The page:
JAKARTA (Reuters) - Indonesia’s Internet service providers have restored access to YouTube and other Web sites that carried a Dutch lawmaker’s film that accuses the Koran of inciting violence, an industry official said on Friday.
Isnawan, vice chairman of the Indonesian Internet Providers Association, said service providers would only block access to pages carrying the film by Geert Wilders, leader of the Dutch anti-immigration Freedom Party, which alternates images of the September 11, 2001 attacks and other Islamist bombings with quotations from the Koran.
The move followed protests by web users who said they were disadvantaged by the banning of several sites including YouTube, Multiply and My Space.
“We don’t need to block the sites but only links that broadcast the film. If the film is moved to another site, we will keep on chasing and block it,” Isnawan said.
The Web sites were fully blocked on Monday and Tuesday.
Titled “Fitna,” a Koranic term sometimes translated as “strife”, the film also shows an image of the Prophet Mohammad primed to explode and says the rising number of Muslims in Europe threatens democratic values.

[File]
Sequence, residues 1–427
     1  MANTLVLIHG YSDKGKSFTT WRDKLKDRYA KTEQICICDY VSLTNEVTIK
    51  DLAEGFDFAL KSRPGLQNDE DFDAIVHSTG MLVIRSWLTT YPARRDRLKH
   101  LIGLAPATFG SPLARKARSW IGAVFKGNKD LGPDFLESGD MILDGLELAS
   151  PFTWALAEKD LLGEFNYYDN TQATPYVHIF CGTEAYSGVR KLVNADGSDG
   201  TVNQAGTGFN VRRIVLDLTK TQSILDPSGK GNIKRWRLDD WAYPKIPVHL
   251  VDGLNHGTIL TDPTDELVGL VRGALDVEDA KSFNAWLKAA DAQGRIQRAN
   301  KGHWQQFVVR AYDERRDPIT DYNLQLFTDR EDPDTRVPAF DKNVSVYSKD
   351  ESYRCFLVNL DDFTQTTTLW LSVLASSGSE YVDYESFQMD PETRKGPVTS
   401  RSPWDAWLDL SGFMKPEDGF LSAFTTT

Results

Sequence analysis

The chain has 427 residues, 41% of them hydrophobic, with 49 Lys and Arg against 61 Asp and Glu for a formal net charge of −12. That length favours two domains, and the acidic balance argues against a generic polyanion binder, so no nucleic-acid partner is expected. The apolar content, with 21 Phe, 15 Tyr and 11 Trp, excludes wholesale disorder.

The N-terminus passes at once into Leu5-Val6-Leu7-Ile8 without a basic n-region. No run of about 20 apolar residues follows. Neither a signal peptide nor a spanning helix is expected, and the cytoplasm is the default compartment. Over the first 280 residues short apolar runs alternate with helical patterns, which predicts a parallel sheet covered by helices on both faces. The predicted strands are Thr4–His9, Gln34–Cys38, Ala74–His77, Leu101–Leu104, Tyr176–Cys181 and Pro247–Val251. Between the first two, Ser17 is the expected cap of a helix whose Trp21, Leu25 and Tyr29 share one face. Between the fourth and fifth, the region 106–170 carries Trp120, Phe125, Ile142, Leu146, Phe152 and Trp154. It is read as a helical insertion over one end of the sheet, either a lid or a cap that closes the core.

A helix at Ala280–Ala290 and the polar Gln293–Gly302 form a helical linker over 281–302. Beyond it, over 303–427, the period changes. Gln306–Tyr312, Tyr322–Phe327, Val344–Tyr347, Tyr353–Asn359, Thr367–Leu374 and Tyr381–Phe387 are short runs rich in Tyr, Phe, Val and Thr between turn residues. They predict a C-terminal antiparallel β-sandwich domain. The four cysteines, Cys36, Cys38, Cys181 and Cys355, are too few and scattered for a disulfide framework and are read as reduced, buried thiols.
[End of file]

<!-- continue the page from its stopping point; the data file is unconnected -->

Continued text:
Wilders’ film urges Muslims to tear out “hate-filled” verses from the Koran and starts and ends with a cartoon of the Prophet Mohammad with a bomb under his turban, accompanied by a ticking sound.
The film has sparked protests in Indonesia, the world’s most populous Muslim nation and a former Dutch colony.
President Susilo Bambang Yudhoyono has urged his predominantly Muslim nation not to use violence in protests against the film.
The Dutch government has distanced itself from Wilders’ views, and the Dutch upper house of parliament has condemned what it called efforts to denigrate Islam and promote hatred.
Reporting by Mita Valina Liem, Editing by Sugita Katayal and Bill Tarrant
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